There is a scene in Desierto, a new film starring Gael García Bernal, in which Bernal’s character Moises and his companion discuss their motivations for crossing the border from Mexico into the United States. Moises says he’s trying to make it back to his wife and young son in California after a broken taillight led to his deportation back to Mexico. “I don’t want to disappear,” he says. Like any human who’s ever lived, he wants to be seen. But being seen—in this case, by a hardened vigilante intent on picking off illegal immigrants with a rifle, as though their deaths might win him points in a video game—is just the thing that might lead to his disappearance.
Written and directed by Jonás Cuarón (whose father Alfonso, a producer of Desierto, won the Oscar for Best Director for Gravity), Desierto is a thriller that begins and ends, as its title suggests, in the desert. Moises is one of a group of strangers who have paid a guide to lead them across the border, a risky enough proposition in the face of the landscape’s unforgiving elements and the uncertainty that awaits them on the other side. But their journey is violently interrupted by an armed civilian, Sam (Jeffrey Dean Morgan), and his aptly named German Shepherd, Tracker, who has taken it upon himself to pick up where Border Patrol leaves off.
It’s not García Bernal’s first time working on a project about migration. In 2010, he co-directed a series of short films, called Los Invisibles, about Central American migrants living in Mexico. “I’m a migrant,” he says. “And therefore it is an intrinsic part of my nature. In a way, it would be weird not to be facing the subject all the time.”
But in Desierto, it feels more timely than ever. The movie lands in U.S. theaters on Oct. 14, just weeks before an election in which immigration has been one of the most divisive issues. “We’ve come to this point in the world right now where we’re talking about the issue of migration in the most idiotic way,” he laments. “We have to talk about this issue in a comprehensive, much more benign and understanding way. It is a phenomenon that will always happen, and we need to establish ways to not criminalize this phenomenon.”
The film, which is Mexico’s 2016 entry for the Oscar for Best Foreign Film, has inspired polarized responses. Morgan’s character is, in many ways, an embodiment of the anti-immigrant sentiment that’s increasingly found a mouthpiece in Donald Trump, and many have taken to Twitter to express their support for the vigilante’s mission, calling him “a true American” and a “hero.” “I am rooting for the killer,” reads one reaction. “Build that wall!” read many more.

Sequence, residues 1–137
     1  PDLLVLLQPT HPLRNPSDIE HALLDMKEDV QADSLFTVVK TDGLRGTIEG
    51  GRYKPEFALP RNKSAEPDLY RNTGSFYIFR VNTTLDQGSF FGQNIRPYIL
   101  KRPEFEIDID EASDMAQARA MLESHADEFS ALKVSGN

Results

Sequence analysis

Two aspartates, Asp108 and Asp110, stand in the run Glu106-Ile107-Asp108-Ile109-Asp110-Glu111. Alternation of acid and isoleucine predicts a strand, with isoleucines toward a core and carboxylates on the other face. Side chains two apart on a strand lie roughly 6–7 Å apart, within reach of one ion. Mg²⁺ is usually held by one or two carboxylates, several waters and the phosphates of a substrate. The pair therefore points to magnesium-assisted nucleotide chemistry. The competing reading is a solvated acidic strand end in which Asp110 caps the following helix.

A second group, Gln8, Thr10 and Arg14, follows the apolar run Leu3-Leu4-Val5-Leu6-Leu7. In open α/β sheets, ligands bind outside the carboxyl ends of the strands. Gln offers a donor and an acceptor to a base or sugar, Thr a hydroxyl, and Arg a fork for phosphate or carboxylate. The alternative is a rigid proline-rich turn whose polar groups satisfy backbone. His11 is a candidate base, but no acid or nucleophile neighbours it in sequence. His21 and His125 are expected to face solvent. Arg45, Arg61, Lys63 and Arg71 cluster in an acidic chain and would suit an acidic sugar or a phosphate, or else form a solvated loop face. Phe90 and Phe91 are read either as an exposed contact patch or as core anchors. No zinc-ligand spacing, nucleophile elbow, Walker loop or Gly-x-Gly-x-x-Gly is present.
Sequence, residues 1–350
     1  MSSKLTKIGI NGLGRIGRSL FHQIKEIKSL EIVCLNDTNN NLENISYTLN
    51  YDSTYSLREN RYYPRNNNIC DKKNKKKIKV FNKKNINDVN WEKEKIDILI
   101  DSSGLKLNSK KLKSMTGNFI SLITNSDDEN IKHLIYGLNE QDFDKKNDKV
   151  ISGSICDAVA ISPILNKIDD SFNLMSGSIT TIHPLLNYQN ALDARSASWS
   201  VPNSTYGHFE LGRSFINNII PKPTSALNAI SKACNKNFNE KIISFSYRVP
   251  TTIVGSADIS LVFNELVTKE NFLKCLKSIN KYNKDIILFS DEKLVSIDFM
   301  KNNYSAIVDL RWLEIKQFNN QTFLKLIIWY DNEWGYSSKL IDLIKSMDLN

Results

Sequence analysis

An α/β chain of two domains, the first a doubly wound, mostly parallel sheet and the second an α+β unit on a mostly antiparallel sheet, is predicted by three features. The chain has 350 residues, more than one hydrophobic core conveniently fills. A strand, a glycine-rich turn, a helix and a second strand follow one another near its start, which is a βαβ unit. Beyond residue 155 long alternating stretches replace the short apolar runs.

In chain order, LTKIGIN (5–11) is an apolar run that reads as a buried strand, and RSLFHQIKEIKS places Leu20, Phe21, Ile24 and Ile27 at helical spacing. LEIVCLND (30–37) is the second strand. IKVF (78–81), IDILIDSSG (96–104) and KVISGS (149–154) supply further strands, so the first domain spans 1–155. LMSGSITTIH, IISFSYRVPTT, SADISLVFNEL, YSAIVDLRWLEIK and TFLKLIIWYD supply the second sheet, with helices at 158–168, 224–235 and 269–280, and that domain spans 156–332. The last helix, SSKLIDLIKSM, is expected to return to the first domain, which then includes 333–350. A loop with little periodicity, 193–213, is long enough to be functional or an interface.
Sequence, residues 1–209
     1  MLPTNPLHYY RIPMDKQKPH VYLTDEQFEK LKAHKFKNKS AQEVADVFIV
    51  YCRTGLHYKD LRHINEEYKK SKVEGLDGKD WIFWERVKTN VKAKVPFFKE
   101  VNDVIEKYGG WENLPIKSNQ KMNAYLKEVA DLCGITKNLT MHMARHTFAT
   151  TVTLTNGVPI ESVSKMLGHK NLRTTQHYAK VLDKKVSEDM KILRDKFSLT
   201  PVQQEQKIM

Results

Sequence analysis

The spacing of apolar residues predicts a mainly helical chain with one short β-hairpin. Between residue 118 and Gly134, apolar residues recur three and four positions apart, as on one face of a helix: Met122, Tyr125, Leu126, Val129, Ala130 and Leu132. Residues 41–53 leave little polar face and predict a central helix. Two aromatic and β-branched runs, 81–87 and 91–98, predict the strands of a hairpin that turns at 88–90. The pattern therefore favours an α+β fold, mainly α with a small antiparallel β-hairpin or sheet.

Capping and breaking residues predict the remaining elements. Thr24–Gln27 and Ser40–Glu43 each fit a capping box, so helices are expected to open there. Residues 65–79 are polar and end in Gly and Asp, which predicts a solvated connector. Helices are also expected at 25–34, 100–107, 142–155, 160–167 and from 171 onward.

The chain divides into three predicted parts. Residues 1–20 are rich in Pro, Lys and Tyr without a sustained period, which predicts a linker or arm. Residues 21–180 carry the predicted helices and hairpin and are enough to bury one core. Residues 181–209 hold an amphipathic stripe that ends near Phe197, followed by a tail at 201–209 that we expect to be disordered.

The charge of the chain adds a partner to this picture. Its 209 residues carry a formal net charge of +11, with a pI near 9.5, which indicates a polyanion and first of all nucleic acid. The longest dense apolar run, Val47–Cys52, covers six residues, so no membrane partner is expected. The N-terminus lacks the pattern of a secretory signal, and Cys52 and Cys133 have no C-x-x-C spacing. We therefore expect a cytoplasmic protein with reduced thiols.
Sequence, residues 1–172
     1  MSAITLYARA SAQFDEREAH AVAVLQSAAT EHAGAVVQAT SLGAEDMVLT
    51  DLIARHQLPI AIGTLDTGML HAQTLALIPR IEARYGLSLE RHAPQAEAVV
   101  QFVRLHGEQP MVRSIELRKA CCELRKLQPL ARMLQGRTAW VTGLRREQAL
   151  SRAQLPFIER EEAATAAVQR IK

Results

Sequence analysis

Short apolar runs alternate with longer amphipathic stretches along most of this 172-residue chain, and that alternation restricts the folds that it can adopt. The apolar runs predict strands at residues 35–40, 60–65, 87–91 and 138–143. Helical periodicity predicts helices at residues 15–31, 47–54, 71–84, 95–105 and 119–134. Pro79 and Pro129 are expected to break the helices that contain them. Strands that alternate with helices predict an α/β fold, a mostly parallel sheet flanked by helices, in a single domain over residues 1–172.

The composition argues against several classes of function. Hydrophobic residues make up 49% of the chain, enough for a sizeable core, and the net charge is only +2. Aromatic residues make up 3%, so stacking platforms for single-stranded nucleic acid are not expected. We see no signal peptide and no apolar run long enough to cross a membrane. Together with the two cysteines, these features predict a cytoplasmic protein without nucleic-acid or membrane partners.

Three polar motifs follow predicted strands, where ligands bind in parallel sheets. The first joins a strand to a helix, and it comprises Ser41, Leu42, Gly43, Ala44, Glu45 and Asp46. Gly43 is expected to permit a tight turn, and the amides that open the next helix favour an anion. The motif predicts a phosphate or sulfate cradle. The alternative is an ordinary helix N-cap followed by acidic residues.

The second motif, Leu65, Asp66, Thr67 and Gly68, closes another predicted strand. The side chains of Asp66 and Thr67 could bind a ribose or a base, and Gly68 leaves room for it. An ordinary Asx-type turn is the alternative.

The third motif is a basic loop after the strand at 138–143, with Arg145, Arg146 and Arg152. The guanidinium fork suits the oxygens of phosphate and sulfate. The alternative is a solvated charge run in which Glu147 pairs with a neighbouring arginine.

“It’s become normal to openly speak and show these kind of divisive, racial policies,” says García Bernal. “I don’t live here, but I wonder how people feel that actually live here, with this new rhetoric that is out there. How does a seven-year-old kid feel to listen to a presidential candidate say that he and his family are rapists, murderers? It breaks my heart to think about that.”
But García Bernal is unconvinced that the problem might be solved on Nov. 8. “I just feel like all of this has already caused so much trouble that it cannot be solved in an election. I think that Clinton might win, maybe, but I’m already surprised that half of the population thinks like that. I’m already disenchanted.” And Desierto is not just about America. Although it’s set on the U.S.-Mexico border, it could just as easily have built its drama around a dinghy full of migrants from Syria or Libya, facing a set of threats no less inhospitable to their survival.
At its best, Desierto is a plea for the humanization of those who might otherwise be dehumanized. Sam has no qualms about playing God in these immigrants’ lives because he sees them as less human than his dog. And someone taking Trump’s debunked claims about immigrants at face value may be driven, by fear or resentment, to identify with something in Sam. But at the end of the day, it’s simple, says García Bernal. “We’re talking about human beings.”